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The EV ‘bloodbath’ arrives early


Daily Caller News Foundation

Ever since March 16, when presidential candidate Donald Trump created a controversy by predicting President Joe Biden’s efforts to force Americans to convert their lives to electric-vehicle (EV) lifestyles would end in a “bloodbath” for the U.S. auto industry, the industry’s own disastrous results have consistently proven him accurate.

The latest example came this week when Ford Motor Company reported that it had somehow managed to lose $132,000 per unit sold during Q1 2024 in its Model e EV division. The disastrous first quarter results follow the equally disastrous results for 2023, when the company said it lost $4.7 billion in Model e for the full 12-month period.

While the company has remained profitable overall thanks to strong demand for its legacy internal combustion SUV, pickup, and heavy vehicle models, the string of major losses in its EV line led the company to announce a shift in strategic vision in early April. Ford CEO Jim Farley said then that the company would delay the introduction of additional planned all-electric models and scale back production of current models like the F-150 Lightning pickup while refocusing efforts on introducing new hybrid models across its business line.

General Motors reported it had good overall Q1 results, but they were based on strong sales of its gas-powered SUV and truck models, not its EVs. GM is so gun-shy about reporting EV-specific results that it doesn’t break them out in its quarterly reports, so there is no way of knowing what the real bottom line amounts to from that part of the business. This is possibly a practice Ford should consider adopting.

After reporting its own disappointing Q1 results in which adjusted earnings collapsed by 48% and deliveries dropped by 20% from the previous quarter, Tesla announced it is laying off 10 percent of its global workforce, including 2,688 employees at its Austin plant, where its vaunted Cybertruck is manufactured. Since its introduction in November, the Cybertruck has been beset by buyer complaints ranging from breakdowns within minutes after taking delivery, to its $3,000 camping tent feature failing to deploy, to an incident in which one buyer complained his vehicle shut down for 5 hours after he failed to put the truck in “carwash mode” before running it through a local car wash.

Meanwhile, international auto rental company Hertz is now fire selling its own fleet of Teslas and other EV models in its efforts to salvage a little final value from what is turning out to be a disastrous EV gamble. In a giant fit of green virtue-signaling, the company invested whole hog into the Biden subsidy program in 2021 with a mass purchase of as many as 100,000 Teslas and 50,000 Polestar models, only to find that customer demand for renting electric cars was as tepid as demand to buy them outright. For its troubles, Hertz reported it had lost $392 million during Q1, attributing $195 million of the loss to its EV struggles. Hertz’s share price plummeted by about 20% on April 25, and was down by 55% for the year.

If all this financial carnage does not yet constitute a “bloodbath” for the U.S. EV sector, it is difficult to imagine what would. But wait: It really isn’t all that hard to imagine at all, is it? When he used that term back in March, Trump was referring not just to the ruinous Biden subsidy program, but also to plans by China to establish an EV-manufacturing beachhead in Mexico, from which it would be able to flood the U.S. market with its cheap but high-quality electric models. That would definitely cause an already disastrous domestic EV market to get even worse, wouldn’t it?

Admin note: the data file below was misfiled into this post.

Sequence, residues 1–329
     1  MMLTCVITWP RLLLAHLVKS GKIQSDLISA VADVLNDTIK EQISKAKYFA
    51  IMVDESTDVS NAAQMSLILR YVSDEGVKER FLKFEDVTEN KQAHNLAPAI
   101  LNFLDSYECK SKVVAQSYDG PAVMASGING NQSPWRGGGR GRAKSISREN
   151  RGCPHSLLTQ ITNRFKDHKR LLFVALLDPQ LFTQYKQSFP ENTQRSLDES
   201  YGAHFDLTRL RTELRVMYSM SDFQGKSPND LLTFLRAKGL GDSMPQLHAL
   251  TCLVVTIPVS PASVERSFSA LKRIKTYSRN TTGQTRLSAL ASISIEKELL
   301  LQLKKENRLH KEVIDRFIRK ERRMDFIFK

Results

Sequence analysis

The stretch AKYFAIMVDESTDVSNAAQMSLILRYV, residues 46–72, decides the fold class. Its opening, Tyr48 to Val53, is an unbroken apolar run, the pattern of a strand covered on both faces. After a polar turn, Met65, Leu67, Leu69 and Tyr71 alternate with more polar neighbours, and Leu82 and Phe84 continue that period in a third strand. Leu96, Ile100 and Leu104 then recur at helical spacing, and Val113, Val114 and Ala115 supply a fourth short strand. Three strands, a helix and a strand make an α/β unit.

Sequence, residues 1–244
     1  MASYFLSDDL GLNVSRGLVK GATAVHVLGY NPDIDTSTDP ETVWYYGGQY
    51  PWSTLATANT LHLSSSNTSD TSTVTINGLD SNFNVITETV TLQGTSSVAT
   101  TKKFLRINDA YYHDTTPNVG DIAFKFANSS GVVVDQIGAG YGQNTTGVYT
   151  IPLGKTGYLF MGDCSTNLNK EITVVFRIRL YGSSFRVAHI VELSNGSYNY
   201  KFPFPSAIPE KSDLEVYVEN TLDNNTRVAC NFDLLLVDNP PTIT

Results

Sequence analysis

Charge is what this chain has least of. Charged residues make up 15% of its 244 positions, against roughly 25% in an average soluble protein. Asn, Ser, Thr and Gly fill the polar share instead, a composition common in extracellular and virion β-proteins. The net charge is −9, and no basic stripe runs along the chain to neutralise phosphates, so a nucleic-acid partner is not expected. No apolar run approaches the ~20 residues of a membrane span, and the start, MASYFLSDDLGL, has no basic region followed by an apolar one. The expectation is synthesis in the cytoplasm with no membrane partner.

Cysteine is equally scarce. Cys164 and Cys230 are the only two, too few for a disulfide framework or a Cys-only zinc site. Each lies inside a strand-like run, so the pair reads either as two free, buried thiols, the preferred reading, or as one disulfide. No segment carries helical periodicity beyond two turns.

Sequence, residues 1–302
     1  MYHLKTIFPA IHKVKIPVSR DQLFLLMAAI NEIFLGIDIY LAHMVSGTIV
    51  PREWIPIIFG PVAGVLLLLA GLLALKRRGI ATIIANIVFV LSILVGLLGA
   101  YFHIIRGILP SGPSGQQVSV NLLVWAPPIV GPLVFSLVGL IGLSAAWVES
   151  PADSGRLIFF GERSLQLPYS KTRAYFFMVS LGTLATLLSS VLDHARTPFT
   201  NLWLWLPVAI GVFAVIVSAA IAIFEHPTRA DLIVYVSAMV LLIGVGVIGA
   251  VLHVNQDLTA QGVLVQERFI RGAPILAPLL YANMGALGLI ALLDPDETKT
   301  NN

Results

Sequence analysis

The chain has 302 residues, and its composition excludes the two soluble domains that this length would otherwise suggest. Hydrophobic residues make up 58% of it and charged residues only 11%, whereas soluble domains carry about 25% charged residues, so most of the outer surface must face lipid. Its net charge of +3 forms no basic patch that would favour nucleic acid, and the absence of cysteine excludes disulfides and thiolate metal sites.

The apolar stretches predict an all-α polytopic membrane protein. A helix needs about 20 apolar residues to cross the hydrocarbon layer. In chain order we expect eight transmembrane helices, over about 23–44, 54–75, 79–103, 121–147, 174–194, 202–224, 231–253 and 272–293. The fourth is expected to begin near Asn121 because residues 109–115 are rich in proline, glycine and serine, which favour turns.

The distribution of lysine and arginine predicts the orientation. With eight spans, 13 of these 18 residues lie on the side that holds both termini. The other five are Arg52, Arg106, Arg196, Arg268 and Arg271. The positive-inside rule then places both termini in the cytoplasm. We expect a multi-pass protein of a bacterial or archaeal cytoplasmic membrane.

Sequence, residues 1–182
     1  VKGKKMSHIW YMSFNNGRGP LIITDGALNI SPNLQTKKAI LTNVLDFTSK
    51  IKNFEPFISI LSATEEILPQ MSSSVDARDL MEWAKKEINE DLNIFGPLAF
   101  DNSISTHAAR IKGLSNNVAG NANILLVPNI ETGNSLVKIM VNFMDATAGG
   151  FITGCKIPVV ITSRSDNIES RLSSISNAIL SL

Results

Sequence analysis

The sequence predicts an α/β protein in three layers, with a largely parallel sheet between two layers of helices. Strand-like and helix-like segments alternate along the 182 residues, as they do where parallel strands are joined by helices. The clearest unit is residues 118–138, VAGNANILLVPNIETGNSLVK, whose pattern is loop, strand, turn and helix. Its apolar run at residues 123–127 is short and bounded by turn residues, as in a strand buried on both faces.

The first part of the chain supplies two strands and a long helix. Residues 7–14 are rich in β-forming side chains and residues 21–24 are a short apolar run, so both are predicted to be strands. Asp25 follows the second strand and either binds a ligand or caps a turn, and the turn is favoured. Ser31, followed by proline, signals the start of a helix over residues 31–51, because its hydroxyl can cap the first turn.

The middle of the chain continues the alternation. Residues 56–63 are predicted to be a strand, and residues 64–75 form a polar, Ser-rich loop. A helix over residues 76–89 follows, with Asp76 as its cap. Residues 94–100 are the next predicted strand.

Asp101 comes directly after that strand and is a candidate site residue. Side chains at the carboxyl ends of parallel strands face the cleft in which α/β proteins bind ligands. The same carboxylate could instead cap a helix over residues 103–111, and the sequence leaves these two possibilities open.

The bottom line here is that it is becoming obvious even to ardent EV fans that US consumer demand for EVs has reached a peak long before the industry and government expected it would.

It’s a bit of a perfect storm, one that rent-seeking company executives and obliging policymakers brought upon themselves. Given that this outcome was highly predictable, with so many warning that it was in fact inevitable, a reckoning from investors and corporate boards and voters will soon come due. It could become a bloodbath of its own, and perhaps it should.

David Blackmon is an energy writer and consultant based in Texas. He spent 40 years in the oil and gas business, where he specialized in public policy and communications.

The views and opinions expressed in this commentary are those of the author and do not reflect the official position of the Daily Caller News Foundation.

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Republished with permission from Daily Caller News Foundation

1 Comment

  1. Buying an electric vehicle is fatuous. My great-grandfather bought one, a Detroit Electric, in 1914 for commuting the 125 miles between New London and New York City. After six frustrating months of two-day commutes of 125 miles, because of the charging time and scarcity of public charging outlets, he got rid of it for (what turned out to be one of the last models) a Knox, a luxury gas-powered car built in Springfield. After four years of futility trying to find a mechanic who’d work on it, he went mainstream and bought nothing but Packards until he died in 1951. He told my dad (his grandson) more than once what a nice car the Detroit was until the batteries died down. The Old Man fell in love with Packards (“ask the man who owns one!”) and the Patrician he bought and barely owned for a few months when he died was inherited by my grandfather. My dad had plenty of opportunities to acquire the Patrician, but he was a died-in-the-wool Ford and Hudson buyer. Lord knows what happened to that Patrician. Damn…the was one NICE automobile. Wish I’d been 20 years older at the time…I’d still own it now!

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